Alright, so we've seen that you can create a public DNS zone. Let's look at private DNS zones. So I'm going to go back and create a resource-type DNS zone, and this time I'm going to choose the private DNS zone. Now, a private DNS zone, as I mentioned before, is basically providing name resolution services within virtual networks.
And that means the private Internet has nothing to do with the public Internet. And it's actually just your virtual machines and other resources that can refer to each other using domain names instead of IP addresses. Again, this makes it the same simplification for the public internet being available inside of Azure for yourself.
So we go into Marketplace, look for a private DNA zone, and say, "Create" going to places in the same resource group, and we're going to give it a name. Now, in this case, this domain name doesn't need to actually exist. So I used to work for a company that used the "local" extension for their domain names. So if I said Get Cloudskills Local, well, "Local" is not actually a registerable domain name.
I could not go to Namecheap or somewhere else and register this local. And in fact, Azure is warning me here that local doesn't necessarily work on some operating systems, or that there's probably some historical use case where this dot local actually doesn't work. But I think you would find that if you used it, you would probably find it difficult to find where it doesn't actually work.
So you can create a domain name that actually doesn't exist, and then you can start to create your developer's GetCloudSkills Local, production's GetCloudSkills Local, etc. The other way to do this is to create a subdomain for your existing domain. So let's say we created the GetcloudskillsXYZ domain in the public DNS zone. Well, I could create a private Getcloudskills XYZ, and then any of my resources that I want to assign domain names to could be further subdomains of this subdomain. That's another option to get around that. So I'm not going to add any tags to this. I'm going to say "review and create." I'm going to say "create." So you'll notice I went to the private domain route instead of the domain local route, which is, I think, still a valid way to do things. All right, so that was fairly quick. Let's go into the private DNS zone. So we're presented with a very similar interface where we can create these A records or CNAME records or any other type of record that we want. But again, it's not accessible from the public internet.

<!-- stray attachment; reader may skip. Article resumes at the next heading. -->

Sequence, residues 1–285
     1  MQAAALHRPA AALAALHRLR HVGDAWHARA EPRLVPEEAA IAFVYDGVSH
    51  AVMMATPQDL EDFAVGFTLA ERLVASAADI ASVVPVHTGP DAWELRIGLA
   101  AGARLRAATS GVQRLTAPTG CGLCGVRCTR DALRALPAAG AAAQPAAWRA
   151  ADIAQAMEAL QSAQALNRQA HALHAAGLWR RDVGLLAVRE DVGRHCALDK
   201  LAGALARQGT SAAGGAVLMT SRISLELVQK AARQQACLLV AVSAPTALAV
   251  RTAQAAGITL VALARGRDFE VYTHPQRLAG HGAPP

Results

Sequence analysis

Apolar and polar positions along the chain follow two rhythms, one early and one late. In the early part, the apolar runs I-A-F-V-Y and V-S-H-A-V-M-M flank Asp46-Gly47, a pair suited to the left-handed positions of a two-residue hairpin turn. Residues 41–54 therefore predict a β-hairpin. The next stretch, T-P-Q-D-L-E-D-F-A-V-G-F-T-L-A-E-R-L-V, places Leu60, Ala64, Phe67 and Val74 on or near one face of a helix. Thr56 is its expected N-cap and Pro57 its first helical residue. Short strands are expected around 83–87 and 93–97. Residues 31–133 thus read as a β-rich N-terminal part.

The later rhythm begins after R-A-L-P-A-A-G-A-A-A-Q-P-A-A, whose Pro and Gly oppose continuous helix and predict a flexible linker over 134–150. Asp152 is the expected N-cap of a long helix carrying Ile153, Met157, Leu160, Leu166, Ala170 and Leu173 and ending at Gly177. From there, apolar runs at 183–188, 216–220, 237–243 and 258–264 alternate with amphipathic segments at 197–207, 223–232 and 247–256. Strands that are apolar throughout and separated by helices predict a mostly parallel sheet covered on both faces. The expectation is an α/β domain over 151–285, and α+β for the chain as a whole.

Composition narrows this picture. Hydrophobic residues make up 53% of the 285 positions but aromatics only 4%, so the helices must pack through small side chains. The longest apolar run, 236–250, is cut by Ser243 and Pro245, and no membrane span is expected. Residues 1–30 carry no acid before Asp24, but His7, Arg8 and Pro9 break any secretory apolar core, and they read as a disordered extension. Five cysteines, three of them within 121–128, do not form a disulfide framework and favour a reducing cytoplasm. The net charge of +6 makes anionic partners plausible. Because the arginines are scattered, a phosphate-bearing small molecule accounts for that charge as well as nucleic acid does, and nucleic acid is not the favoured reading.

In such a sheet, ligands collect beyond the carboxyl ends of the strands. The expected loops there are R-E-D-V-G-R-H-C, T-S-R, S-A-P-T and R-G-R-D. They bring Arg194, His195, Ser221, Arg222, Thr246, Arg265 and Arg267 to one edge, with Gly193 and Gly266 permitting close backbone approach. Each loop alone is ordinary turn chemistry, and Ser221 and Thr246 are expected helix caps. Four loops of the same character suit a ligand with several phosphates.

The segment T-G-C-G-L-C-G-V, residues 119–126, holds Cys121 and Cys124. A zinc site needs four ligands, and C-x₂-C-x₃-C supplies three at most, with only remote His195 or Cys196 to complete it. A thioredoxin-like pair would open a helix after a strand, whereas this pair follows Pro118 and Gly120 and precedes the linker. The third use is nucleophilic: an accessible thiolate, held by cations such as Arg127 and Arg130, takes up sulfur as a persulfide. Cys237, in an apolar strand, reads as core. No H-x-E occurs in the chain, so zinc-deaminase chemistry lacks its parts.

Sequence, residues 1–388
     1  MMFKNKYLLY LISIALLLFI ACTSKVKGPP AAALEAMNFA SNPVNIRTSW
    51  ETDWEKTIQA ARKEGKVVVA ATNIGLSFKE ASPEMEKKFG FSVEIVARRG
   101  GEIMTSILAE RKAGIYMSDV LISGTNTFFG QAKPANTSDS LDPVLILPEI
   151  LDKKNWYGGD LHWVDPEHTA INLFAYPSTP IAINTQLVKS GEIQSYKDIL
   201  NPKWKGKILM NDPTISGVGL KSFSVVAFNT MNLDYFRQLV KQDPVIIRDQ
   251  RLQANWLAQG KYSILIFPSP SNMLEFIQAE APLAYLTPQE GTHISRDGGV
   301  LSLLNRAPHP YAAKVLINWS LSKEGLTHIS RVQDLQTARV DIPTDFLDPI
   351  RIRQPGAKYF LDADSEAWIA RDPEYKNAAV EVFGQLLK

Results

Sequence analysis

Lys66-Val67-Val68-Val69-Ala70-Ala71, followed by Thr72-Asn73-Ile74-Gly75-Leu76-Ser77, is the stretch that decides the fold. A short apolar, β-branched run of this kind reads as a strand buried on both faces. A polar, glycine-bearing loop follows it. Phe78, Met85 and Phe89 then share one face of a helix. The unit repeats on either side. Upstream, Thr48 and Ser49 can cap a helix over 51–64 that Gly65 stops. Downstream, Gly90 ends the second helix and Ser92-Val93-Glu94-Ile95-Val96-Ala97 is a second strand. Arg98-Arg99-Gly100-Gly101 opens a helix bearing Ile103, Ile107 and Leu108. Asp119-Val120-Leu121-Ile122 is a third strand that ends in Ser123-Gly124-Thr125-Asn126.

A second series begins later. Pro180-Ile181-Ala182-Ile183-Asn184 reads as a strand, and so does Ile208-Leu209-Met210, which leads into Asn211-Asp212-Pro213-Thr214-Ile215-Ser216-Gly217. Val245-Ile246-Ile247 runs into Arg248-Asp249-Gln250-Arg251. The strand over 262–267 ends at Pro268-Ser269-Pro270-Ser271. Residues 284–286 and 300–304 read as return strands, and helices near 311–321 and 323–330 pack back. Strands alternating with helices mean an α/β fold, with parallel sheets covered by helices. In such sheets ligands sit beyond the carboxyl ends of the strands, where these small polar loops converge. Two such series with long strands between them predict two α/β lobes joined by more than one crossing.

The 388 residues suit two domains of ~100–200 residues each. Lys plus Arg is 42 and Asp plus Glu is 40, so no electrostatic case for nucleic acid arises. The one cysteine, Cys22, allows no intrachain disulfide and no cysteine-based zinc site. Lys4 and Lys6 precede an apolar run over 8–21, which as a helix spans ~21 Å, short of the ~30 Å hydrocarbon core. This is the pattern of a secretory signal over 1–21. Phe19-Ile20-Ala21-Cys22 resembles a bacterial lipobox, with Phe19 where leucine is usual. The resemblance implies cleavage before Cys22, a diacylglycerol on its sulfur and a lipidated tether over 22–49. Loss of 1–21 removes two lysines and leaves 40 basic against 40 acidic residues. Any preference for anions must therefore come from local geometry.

So there are no name servers that we can then put into our registrar. The way that you access your private data zone is by linking it to your virtual network. So I'm going to go into virtual network links, and what I'm going to do is create a link. I'm going to call this my private DNS one, and you can choose; let's choose the AZ 700 virtual network. And so what that means is that resources that exist on this virtual network will be able to access domains that are in the private DNS zone. So the other option here is that if you create resources on that virtual network, it's going to automatically register those resources in the private zone.
That's pretty cool. I think I can do that. So any new virtual machines that I add will automatically get into this private network, and we can refer to them by name. So I'm going to say, "OK, all right." So that's ready. Now, how are we going to test this? Well, in the same way we've been testing it previously. I'm going to go into the VMware resource group, which is the VM group. And what we're going to do is go into this virtual machine that already exists. It's stopped. Currently, it only has a private IP address. Private IP address is 100 0 5 I'm going to start the machine, and we're going to give a private name to that address. So I'm back in the DNS zone, I'm going to add a record, and I'm going to call this VM two.
And the IP address is 100 0 5 All right? So if I save this, then we should be able to access this private domain by the name "VM 2." The way that we'll test that is that we're going to remote into the VM that we've been testing before and then access it by a private IP address. So hold on. Alright, so we are in our public virtual machine, and I started up a command prompt.
Now I should be able to seep VM into two private getcloudskills XYZ. And this is a virtual machine that is now running. It's a private IP address only. And the private IP address is resolved to 100 0 5 based on this domain name because we have a private DNS zone. So using a private DNS zone allows us to refer to private resources that do not have a public IP address. a convenient name, which again could make it easier to remember, make it easier to identify which servers are which, or provide flexibility in terms of stopping and starting resources and moving them around without having to change connection strings and things like that.